DCN May 2016 - Page 21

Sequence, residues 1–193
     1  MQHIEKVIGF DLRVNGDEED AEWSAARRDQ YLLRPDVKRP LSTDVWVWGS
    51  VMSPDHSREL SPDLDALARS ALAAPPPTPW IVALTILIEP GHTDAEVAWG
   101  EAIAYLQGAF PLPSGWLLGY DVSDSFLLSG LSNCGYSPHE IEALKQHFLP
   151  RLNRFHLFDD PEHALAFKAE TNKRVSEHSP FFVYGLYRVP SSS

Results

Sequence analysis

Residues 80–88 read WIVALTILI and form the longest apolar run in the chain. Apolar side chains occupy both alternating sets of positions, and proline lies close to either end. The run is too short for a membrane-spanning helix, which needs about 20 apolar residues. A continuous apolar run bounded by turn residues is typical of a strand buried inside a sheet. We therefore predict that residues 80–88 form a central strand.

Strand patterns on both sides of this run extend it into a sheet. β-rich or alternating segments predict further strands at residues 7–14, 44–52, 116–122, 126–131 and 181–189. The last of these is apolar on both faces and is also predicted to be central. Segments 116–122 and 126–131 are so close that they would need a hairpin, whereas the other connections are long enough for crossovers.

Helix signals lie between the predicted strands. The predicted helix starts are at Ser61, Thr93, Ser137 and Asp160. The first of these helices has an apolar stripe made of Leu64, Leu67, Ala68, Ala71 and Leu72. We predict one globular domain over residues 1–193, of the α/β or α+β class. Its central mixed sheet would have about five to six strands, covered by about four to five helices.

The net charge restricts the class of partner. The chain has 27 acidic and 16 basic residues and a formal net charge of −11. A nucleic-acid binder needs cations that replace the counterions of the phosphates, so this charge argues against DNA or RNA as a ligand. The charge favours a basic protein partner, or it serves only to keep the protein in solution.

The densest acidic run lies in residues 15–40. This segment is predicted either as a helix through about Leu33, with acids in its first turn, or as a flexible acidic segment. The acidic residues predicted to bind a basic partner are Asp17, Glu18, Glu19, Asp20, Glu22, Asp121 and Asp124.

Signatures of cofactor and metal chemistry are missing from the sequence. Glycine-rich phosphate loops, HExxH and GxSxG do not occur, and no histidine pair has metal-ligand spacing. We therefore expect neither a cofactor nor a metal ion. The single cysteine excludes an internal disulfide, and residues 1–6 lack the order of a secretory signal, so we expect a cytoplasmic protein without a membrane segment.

design & facilities management employed, the type of IT deployed and local climate. As multiple data centres become more diverse in engineering terms, and come to be distributed across a variety of geographies with varying climates, managing all of these variables to optimise the energy consumption and efficiency of each data centre will become a greater challenge. The trend of data centres becoming more widely distributed geographically is a feature of edge computing: the evolution of data centres away from massive hubs at the centre of a global network, to smaller regionally based installations ever closer to the users of the data and applications housed within them. Among the trends driving this change are the emergence of the Internet of Things (IoT), in which embedded sensor driven network connectivity will connect all manner of physical devices. These range from buildings to automobiles and all manner of smart devices, collecting information to enable better business decision making. The growth of data intensive multimedia applications such as video on demand is also a key driver, accompanied by the growth in high definition TV services, which requires efficient management of high bandwidth networks at a regional as well as global level. Delivery of digital HDTV and video on demand requires service providers to locate their server farms close to their customers. Therefore viewers in London or Glasgow downloading the latest movie blockbuster to their TVs are likely to have a smoother, glitch free experience if the server farm is located in the UK rather than California. Lastly, the increasing demand for computing services in specialist applications such as mining and fossil fuel extraction, which typically takes place in remote or hostile environments, is driving the need for ruggedised computing applications. Congestion Edge computing is an inevitable consequence of vastly increased data traffic which requires more sophisticated traffic management. With the Internet of Things expected to comprise 50 billion devices connected worldwide by 2020, network latency and speed of response will require data transactions to be contained, as far as possible, within regional networks, to remove some of the congestion from global networks. Much effort has already been directed towards the challenge of using energy more efficiently in data centres. Vendors of data centre infrastructure equipment such as cooling, air conditioning, power supply and containment products have produced reference designs that allow highly predictable installations to be constructed. They make widespread use of metrics such as PUE to validate how efficiently a data centre’s power can be delivered to the IT equipment it contains. However, PUE is limited in terms of managing the overall energy consumption of a data centre, measuring only the relative difference between power consumed on IT equipment and that consumed on IT and infrastructure combined. So although it is now easier to build data centres with confidence that a low PUE rating will be achieved, it doesn’t automatically mean that overall energy consumption will be reduced. One strategy recommended by the American Society of Heating, Refrigerating, and Air-Conditioning Engineers (ASHRAE) to reduce overall energy consumption is to arrange a data centre so that the ambient temperature inside can be allowed to rise. If a data centre can operate effectively at higher temperatures, the initial thought was that cooling equipment such as chillers can operate in economy mode and will not need to be deployed as frequently, resulting in a lower energy requirement. However, this technique has not been widely adopted for a variety of reasons. Apart from a natural conservative reluctance among engineers to change an approach that has been seen to work effectively, the results of allowing temperature to rise have been mixed. One size will not fit all for the many and varied data centres that will be built in the future. 21